David McCarty is 55 years old and a former six-figure VP in a telecommunications corporation. For the last several months, however, his office has been the cab of an 18-wheeler, where six days of the week he hauls hazardous chemicals across the U.S.
Drivers Wanted – Desperately
The work keeps McCarty apart from his longtime wife, now ill with rheumatoid arthritis. “I don’t love truck driving,” he says candidly, but just the same he’s glad to have the work. Unable to get hired as an executive, McCarty found he was over-qualified for lesser positions, even as a service rep with his old company!
Driving home one day after a long day as a commission-only salesman, he saw a truck with enticing words on the side: “Drivers Wanted.” McCarty knew nothing about trucking but the prospect of a regular paycheck was all the motivation he needed to learn.
Truck drivers are in demand all over the U.S. these days. A few years ago, many freight companies would have turned down an older driver fresh out of truck school. For recruiters, those were the good old days. Now they’re prepared to look more closely at applicants who bring a clean safety record, serious work ethic and good attitude, even if they’re short on experience.
Resetting the Experience Bar
“We require at least six months of on-the-road experience,” said Karen Anderson of Texas Star Express in a recent interview with EveryTruckJob. Anderson is head of the recruiting department for Texas Star, a 300 vehicle operation that hires O-Os, lease operators and company drivers. Only five years ago, few long haulers would have set the experience bar as low as six months, but the company’s policy is a typical response to trucking’s dearth of qualified drivers.
In fact, these days six months is more the norm than not. A quick, non-scientific survey of thirty companies with postings on a prominent job board found just three that required a full year of experience, several that required only three months and a number who didn’t stipulate experience.
Anderson goes on to explain that Texas Star requires any new hire with minimal experience to take a company driving program. Compared to most of the industry, her company has a low turnover rate. She asked for the turnover rate to not be disclosed, but we can verify that it is much lower than the industry average.
Not Hiring a Termination Statistic
For Anderson, experience is only one of the factors that determine an applicant’s hiring suitability. “We hire to grow. We want drivers who will be with us for a long time and we do our best to make sure we’re not hiring a termination statistic.”
A chief qualifying factor is what the driver is looking for and whether that fits an opening in the company. “If you only want to do regional work, we have those positions. If you own your own tractor, we have a place for you.” Texas Star’s 300 vehicles ensures that there are always openings. “We keep our turnover low but there are always drivers coming and going.”
Turnover Rate of–Yikes!–89%
Trucking has always had high driver turnover, but in years past that mattered less because there was a large pool of available drivers. That’s no longer true. Even though general unemployment doggedly remains at 8.3%, the trucking industry experienced a phenomenal turnover of 89% in the third quarter of 2011. Other quarters in 2011 and 2010 were similar.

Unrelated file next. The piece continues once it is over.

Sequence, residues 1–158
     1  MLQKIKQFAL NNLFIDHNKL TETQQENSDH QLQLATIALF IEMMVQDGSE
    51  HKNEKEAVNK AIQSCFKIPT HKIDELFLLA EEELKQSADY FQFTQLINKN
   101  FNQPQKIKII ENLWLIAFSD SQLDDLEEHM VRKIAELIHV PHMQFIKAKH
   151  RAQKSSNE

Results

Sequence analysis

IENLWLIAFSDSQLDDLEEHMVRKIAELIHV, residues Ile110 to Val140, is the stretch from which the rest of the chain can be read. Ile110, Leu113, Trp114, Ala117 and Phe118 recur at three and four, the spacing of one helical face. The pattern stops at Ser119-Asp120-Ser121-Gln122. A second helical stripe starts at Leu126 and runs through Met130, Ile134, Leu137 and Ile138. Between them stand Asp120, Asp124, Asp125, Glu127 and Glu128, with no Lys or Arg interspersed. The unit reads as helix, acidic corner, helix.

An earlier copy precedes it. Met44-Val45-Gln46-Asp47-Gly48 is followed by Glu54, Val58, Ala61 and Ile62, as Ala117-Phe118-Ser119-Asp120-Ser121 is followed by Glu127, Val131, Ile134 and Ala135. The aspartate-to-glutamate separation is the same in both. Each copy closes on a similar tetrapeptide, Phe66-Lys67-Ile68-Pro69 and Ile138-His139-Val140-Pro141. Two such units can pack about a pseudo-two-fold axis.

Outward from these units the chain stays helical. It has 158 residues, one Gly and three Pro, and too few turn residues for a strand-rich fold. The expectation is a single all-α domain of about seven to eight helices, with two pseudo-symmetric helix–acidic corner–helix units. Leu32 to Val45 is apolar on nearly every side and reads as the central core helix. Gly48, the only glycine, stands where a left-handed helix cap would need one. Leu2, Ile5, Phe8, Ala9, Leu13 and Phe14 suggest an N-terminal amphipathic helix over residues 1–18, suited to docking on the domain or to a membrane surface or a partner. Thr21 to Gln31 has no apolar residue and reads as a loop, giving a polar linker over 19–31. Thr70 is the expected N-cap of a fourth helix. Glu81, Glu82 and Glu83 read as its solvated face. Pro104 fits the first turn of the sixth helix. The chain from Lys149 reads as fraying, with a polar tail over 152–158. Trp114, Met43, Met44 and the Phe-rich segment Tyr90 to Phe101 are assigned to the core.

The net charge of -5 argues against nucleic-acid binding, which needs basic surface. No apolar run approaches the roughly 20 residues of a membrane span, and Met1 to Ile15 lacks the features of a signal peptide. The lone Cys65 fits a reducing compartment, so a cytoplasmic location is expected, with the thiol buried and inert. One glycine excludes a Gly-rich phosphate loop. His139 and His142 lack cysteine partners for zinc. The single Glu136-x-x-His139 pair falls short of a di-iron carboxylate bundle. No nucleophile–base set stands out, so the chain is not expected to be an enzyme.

Richard Stocking, COO of trucking giant Swift Transportation, predicts recruiting and retaining workers will be the “number one” issue for the industry in the immediate future. “It’s kind of weird to have a driver shortage when millions of people are out of work, but that’s the situation we face.”
There are a variety of factors responsible for this dilemma. One is the spate of new federal regulations that drivers find burdensome and reduces the pool of applicants. Another is the rebound of the construction industry, which provides an attractive alternative to trucking (although trucking typically offers higher financial incentives). Thom Albrecht, an analyst at the Richmond-based BB&T Capital Markets, observes that many workers who obtain a commercial driver’s license for a trucking job are then able to find work driving a dump truck or cement truck for a construction company.
Where Have All the Drivers Gone?
Karen Anderson finds irony in the present situation. “A lot of drivers were forced out during the recession. Companies downsized and parked their trucks. They didn’t need drivers. Lots of people left. Now companies have capacity and they expected the drivers to return. Some did, but many didn’t.”
Historically, the trucking industry has had a large labor pool for its drivers. The recovery has seen a reversal of that situation. Whether it is the “new norm” remains to be seen.
However, for out-of-work Boomers like David McCarty, the situation represents an opportunity that most Americans experience when out-of-work: re-invention. Trucking has always been a last resort for people looking to turn the page, a bridge between one form of livelihood and the next. One way or another, the goods in the U.S. economic machine have to move and people will be found to move them. One way or another, people will figure out a way to make ends meet. Sometimes the two coincide.
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